Advanced Adapter Error Handling

Setting up the adapter for multiple ways of handling errors

As we all know error handling within the adapter can be configured at the workflow, channel or adapter level. Most of the time we just write the original file out to something that can’t fail (well, unlikely to fail in the context of things) like the file system.

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Mercurial / HTTPS with Password Authentication

Setting up mercurial with apache https

You care about being compliant with various regulatory regimes that say you can’t ever remember private 172.16.x.x IP addresses and say them out loud (or write them down); and yet they will happily use Winzip to password protect a zip file with an easy to remember password (sometimes to maintain “compatibility” they use encryption that can be extracted by earlier versions).

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Windows Scripting Host as an Administrator

Starting WSH scripts with elevated credentials

If you’re like me then perhaps you often don’t want your network interfaces to be enabled all the time. You might not have a hardware switch to turn off your wireless and going to Network and Sharing -> Change Adapter Settings right click enable / disable seems like such a chore especially when my default group policy means that you’re prompted for your password each time.

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VMPlayer network interfaces with Private/Public Networking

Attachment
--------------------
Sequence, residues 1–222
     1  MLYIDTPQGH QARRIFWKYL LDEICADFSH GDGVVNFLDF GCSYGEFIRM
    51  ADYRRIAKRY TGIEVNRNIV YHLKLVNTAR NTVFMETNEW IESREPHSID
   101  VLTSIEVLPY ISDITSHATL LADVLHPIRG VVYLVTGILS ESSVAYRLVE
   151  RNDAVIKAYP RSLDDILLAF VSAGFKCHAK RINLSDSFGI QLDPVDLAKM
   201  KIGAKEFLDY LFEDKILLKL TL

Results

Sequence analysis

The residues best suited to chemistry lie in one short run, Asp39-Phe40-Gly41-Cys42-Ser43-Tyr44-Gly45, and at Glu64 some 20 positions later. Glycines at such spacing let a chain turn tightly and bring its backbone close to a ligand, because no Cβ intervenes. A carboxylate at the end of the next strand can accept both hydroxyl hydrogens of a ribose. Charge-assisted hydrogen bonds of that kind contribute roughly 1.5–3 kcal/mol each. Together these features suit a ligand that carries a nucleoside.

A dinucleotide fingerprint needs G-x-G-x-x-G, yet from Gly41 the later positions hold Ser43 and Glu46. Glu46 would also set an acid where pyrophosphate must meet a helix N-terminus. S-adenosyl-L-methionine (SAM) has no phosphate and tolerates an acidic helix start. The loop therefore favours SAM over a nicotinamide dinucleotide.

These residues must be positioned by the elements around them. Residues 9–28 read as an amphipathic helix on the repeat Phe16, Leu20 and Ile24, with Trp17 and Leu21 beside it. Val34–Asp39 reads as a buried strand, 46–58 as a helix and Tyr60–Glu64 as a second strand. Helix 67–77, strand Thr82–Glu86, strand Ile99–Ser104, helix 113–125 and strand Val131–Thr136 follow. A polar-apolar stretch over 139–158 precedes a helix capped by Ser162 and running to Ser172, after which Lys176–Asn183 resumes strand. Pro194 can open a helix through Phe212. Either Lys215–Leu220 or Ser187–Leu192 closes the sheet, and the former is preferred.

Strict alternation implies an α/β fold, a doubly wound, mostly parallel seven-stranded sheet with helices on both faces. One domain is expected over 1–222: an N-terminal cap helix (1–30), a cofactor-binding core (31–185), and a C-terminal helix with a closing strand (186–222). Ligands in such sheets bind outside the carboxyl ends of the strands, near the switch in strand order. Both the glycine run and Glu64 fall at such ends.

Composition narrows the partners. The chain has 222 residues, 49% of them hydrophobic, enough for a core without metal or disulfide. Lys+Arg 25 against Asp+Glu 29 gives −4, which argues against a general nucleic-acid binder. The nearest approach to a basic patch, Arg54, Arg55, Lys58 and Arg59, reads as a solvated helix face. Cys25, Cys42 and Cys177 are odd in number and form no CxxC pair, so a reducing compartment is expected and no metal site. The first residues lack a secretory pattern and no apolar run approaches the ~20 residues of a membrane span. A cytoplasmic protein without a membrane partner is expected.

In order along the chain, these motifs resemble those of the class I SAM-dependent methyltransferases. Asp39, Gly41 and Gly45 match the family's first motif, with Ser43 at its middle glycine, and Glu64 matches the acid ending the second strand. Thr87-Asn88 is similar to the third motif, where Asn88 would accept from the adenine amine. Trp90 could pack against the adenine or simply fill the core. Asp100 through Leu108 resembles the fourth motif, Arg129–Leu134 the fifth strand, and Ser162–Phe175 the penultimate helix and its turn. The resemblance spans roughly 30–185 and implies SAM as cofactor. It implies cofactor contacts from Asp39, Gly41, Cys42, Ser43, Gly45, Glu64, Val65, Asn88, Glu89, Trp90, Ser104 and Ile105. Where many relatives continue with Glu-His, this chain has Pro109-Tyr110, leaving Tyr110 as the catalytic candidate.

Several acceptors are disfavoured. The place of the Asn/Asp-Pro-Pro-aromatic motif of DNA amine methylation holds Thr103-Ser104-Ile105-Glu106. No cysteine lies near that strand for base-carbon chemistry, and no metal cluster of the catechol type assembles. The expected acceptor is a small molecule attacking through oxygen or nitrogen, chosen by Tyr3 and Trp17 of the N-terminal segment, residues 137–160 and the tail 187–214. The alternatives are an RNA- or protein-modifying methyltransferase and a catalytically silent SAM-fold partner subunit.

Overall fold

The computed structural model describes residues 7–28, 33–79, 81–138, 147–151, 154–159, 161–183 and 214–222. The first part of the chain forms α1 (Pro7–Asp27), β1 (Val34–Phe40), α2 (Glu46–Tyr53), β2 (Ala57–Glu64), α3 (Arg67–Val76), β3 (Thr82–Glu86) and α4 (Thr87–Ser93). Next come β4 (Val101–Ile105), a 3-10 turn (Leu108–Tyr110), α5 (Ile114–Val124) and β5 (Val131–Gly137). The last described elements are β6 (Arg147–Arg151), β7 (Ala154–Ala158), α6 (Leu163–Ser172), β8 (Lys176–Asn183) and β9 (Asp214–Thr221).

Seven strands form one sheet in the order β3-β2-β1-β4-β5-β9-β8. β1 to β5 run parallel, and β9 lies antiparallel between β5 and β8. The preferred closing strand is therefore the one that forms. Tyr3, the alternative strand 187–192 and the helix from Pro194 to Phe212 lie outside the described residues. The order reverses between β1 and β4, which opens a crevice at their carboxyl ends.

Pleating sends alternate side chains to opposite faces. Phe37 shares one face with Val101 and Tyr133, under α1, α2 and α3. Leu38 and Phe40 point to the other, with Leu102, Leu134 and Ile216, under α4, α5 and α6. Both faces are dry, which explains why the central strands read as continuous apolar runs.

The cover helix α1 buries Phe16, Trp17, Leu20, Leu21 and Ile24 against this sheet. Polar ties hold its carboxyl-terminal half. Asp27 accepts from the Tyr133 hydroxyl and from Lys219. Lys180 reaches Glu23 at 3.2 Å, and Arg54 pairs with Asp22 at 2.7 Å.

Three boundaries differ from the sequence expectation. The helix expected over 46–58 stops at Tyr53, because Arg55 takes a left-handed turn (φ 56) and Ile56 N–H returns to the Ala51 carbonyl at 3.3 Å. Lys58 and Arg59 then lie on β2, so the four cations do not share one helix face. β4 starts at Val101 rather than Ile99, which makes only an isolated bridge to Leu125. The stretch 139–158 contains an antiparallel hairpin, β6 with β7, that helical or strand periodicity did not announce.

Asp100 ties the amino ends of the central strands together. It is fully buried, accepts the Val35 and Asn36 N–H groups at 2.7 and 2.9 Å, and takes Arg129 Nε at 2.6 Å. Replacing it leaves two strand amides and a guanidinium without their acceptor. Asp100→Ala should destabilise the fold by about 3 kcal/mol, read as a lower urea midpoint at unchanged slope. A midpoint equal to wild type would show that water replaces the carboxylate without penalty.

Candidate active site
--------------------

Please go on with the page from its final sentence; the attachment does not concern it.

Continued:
Making VMPlayer Network interfaces part of the private network

One of the things that you’ll find with VMPlayer is that the network interfaces aren’t registered properly with Windows (Vista or 7) which means that you’re always in the Public zone, so your firewall is always turned on (that’s right, you have a firewall don’t you).

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Mercurial / HTTP using Password Authentication

Setting up apache with mercurial with password authentication

Generally speaking, we host our mercurial repositories using SSH; sometimes of course, we need to do it via HTTP because we don’t want to give external contractors SSH access because who knows what damage they can do with a terminal (anyone who’s seen someone do rm -rf * in /etc knows what I’m talking about). It’s bad enough they damage the contents of the repository with their inability to read a good primer site like http://hginit.com (you know who you are).

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